Pines residents get therapeutic paws

Residents of the Pines Retirement Home had an unusual visitor this week when Chase, a 5-year-old Doberman Pinscher, dropped by. 

The quiet atmosphere in the home was interrupted by some excitement Tuesday when trainer Alberto Bryan walked in with Chase, and there were smiles all around as the dog and students from George Town Primary School lifted spirits.  

“He’s a darling and a beauty. I used to have one just like him,” said 85-year-old George Bothwell, a Pines resident.  

“You all did a wonderful job today. You never know what goes on between these four walls, there’s people who have things in their life that they can never be happy again. But this visit has done me an abundance of good,” he said.  

Mr. Bothwell, along with other residents, chatted with students and took part in a training demonstration with Chase. At times Mr. Bothwell used his own past experience as the owner of Bothwell’s Day Care in West Bay to get students’ attention.  

The school visit was part of a “pet therapy” visitation program offered by Paws4Youth, which is running a two-month pilot program that introduces pet therapy as an alternative to traditional therapy.  

Houseguard Security Company Cayman Ltd. owner Mr. Bryan had approached Michael Myles, at-risk youth coordinator and founder of Youth ACT, as a concerned citizen wanting to do something to help with the program.  

Mr. Bryan and lead dog trainer Kenneth Morgan said there are not many therapy dogs on island, making Chase a great asset for those in need. 

“A part of the program is to look at alternative therapeutic services for the youth and a major aspect of what Paws4Youth is, is making sure that even when parents aren’t around, that children have access to small levels of therapy,” Mr. Myles said.  

According to him, the goal is to create a wellness environment. “We’ve been having a lot of issues with children and parents going into traditional counseling … it may not be assessable or at convenient times … having the dog therapy is another alternative,” he said. 

Mr. Myles commented on a recent study that was done by the World Health Organization on mental illness in Cayman, which highlights that young people don’t have a lot of access to mental health resources.  

“What that transforms into is poor education – we have a lot of youngsters who aren’t actually engaged at school, or they’re causing major behavioral problems. They’re also being excluded from school long term,” Mr. Myles said.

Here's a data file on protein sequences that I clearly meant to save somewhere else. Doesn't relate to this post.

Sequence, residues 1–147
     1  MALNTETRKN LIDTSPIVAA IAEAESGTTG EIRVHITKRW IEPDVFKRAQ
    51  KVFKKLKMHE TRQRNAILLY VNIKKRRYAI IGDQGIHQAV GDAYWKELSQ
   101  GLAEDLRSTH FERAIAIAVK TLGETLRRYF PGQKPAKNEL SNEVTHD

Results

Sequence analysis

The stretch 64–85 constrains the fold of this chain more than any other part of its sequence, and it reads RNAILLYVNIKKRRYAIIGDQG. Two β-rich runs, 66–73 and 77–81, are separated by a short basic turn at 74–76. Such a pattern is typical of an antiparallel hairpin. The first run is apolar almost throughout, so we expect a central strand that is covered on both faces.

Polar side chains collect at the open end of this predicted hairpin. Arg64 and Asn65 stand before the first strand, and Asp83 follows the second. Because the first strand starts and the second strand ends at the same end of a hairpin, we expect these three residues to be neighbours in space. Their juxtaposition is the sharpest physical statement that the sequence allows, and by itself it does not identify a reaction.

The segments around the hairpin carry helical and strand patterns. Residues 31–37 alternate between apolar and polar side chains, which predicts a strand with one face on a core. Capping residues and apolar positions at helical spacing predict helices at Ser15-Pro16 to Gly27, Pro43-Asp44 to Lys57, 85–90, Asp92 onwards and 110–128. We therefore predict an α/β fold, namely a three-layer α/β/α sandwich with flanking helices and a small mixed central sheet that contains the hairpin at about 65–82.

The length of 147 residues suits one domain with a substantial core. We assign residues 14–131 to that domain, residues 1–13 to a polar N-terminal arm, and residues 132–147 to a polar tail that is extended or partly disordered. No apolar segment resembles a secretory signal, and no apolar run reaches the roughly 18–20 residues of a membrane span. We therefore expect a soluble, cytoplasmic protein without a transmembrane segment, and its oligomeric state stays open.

He said taking the young people to the Pines to take part in the pet therapy demonstration helped to provide them with a level of compassion. “We have a high number of youths that have no compassion. Gang violence, bullying and a number of other things happening in and outside schools …. By exposing them to the fragile and elderly, they can learn to show compassion,” he said. Mr. Myles said the program, however, may not be sustainable due to funding issues. 

“Alberto is a full time employee and has his own construction company and he has been giving us the program for the past two months for free. That may not be sustainable for a long time.” he said. 

He said the hope for the program is to offer it once a month on Saturdays at the Black Pearl Skate and Surf Park at Grand Harbour. “We are hoping to transition the program, and if we can’t get it back in the schools, we will have to look at other alternatives,” Mr. Myles said. 

Shelly-Ann Bush, a receptionist at the Pines, said visits from therapy dogs made the residents very happy and made them smile and that it showed the residents great benefits. “Especially when living in the Pines, regular visits with the dogs can have positive physical, emotional and mental benefits,” she said.  

She added that physical benefits of the visit can include lowering blood pressure, heart rate and overall stress levels. “Emotional benefits are reducing anxiety and depression,” she said. 

The Pines Retirement Home caters to 34 clients, including full-time residents and day-care clients. The day-care program exists so that those who still have a level of independence can come in for the day and be involved in activities.  

Ashani Francis-Collins contributed to this report. 

Pines resident George Bothwell, 85, pets Chase, with George Town Primary School students Raekwon Moya, Dwight Brown, Dimitri Seymour and Destin Miller. The school visit was part of a ‘pet therapy’ visitation program offered by Paws4Youth. – Photo: Jewel Levy